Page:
G7 Hiroshima summit to put vaccine assistance on agenda

The framework is intended to eliminate the so-called vaccine divide between rich nations and poorer ones, sources said.

The Yomiuri Shimbun

The Yomiuri Shimbun

The Japan News


AP file photo A girl receives a shot of the Pfizer-BioNTech COVID-19 vaccine in Kathmandu in November 2021.

May 8, 2023

TOKYO – A framework to promptly provide low-income nations funds for vaccine purchases and other forms of assistance in preparation for a future pandemic will be on the agenda at the G7 summit in Hiroshima later this month.

The envisaged framework is intended to eliminate the so-called vaccine divide between rich nations and poorer ones, a situation that came to light during the COVID-19 pandemic, sources said.

In September last year, members of the Group of 20 and other parties launched a pandemic fund worth more than $1.6 billion at the World Bank to tackle new infectious diseases. The fund is anticipated to be mainly used for pandemic prevention, such as training of medical workers and infectious disease surveillance.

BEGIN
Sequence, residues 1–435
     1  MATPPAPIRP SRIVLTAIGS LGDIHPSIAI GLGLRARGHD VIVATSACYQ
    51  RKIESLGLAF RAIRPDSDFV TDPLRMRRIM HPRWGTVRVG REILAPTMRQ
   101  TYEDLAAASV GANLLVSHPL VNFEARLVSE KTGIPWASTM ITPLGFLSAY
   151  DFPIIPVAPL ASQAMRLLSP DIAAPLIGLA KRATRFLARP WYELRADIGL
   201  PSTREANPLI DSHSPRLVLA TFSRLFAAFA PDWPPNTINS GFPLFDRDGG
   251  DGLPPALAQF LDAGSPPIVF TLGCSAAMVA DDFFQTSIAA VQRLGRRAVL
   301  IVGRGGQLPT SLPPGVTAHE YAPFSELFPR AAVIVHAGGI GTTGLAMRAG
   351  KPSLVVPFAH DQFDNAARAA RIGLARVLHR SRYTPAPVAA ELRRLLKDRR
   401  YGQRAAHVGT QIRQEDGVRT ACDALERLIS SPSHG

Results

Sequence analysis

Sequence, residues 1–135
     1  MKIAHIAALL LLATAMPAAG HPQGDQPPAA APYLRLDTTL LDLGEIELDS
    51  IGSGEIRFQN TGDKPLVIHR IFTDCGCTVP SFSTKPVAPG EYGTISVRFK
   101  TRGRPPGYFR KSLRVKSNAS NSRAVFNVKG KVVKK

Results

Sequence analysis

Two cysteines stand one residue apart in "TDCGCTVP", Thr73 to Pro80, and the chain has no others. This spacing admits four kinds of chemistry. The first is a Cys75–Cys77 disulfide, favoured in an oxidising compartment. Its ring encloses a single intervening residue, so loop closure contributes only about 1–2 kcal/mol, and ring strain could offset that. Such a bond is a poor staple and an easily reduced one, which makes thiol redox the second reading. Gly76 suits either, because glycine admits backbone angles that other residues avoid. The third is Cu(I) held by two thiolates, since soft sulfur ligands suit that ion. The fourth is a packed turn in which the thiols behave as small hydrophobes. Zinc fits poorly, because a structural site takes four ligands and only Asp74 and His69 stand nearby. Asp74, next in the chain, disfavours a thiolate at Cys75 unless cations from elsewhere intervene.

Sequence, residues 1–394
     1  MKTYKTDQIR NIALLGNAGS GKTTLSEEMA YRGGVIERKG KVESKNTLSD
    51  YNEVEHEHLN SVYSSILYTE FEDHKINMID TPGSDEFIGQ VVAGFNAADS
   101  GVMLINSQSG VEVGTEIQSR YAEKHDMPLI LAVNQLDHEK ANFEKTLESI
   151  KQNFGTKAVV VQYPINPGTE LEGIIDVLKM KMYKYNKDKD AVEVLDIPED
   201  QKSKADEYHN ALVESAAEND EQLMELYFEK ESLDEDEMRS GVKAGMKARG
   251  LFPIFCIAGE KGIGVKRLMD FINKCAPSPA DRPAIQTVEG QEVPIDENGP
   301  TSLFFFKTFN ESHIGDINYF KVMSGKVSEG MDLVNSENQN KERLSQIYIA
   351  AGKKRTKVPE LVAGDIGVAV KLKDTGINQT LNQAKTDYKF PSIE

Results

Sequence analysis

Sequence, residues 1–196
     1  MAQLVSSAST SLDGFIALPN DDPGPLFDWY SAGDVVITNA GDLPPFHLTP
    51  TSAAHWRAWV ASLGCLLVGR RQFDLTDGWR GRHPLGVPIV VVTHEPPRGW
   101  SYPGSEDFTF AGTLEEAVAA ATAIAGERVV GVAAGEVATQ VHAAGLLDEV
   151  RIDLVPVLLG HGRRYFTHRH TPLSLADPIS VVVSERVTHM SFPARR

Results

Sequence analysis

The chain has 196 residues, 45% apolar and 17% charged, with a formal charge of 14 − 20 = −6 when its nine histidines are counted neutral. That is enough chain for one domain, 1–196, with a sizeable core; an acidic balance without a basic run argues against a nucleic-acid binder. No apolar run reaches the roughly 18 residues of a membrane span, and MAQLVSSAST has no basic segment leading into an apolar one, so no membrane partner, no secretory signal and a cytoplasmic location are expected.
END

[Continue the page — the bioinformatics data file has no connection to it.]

At the G7 Hiroshima Summit, attendees are expected to agree on the need to set up a new framework for responses following a pandemic breakout. A discussion on such financial assistance will be held during the G7 Finance Ministers and Central Bank Governors’ Meeting, which will be held from Thursday through Saturday in Niigata, to gain understanding from participants.

The specific design of the envisaged system is expected to be discussed at a meeting of G20 finance and health ministers, which will be held as early as by the end of this year. The meeting will consider a plan to expand the pandemic fund’s usage and scale to enable it to be used for urgent assistance, such as vaccine purchases.

During the height of the novel coronavirus’ spread, it took a long time until funds were extended to low-income countries, which had difficulties securing vaccines on their own. As a result, vaccination rates remained low in places such as Africa.

Figures updated Saturday by Our World in Data, compiled by University of Oxford researchers among others, show 70-90% of people who live in G7 nations have received at least one dose of a COVID-19 vaccine. These figures remain in the 10-20% range in some African countries, such as Cameroon, Congo and Mali.

Prime Minister Fumio Kishida said on April 25 that the G7 summit will focus on prevention of, preparedness for and response to public health crises.

“It will be necessary for G7 countries to proactively contribute to sustainably securing funds,” Kishida said.

G7 leaders are also expected to discuss building a system to respond to future pandemics and other emergencies at the top level, as well as what is tentatively called the Hiroshima Vision, which will put together how to allow low-income nations and other places to equitably obtain vaccines, treatment and testing kits.

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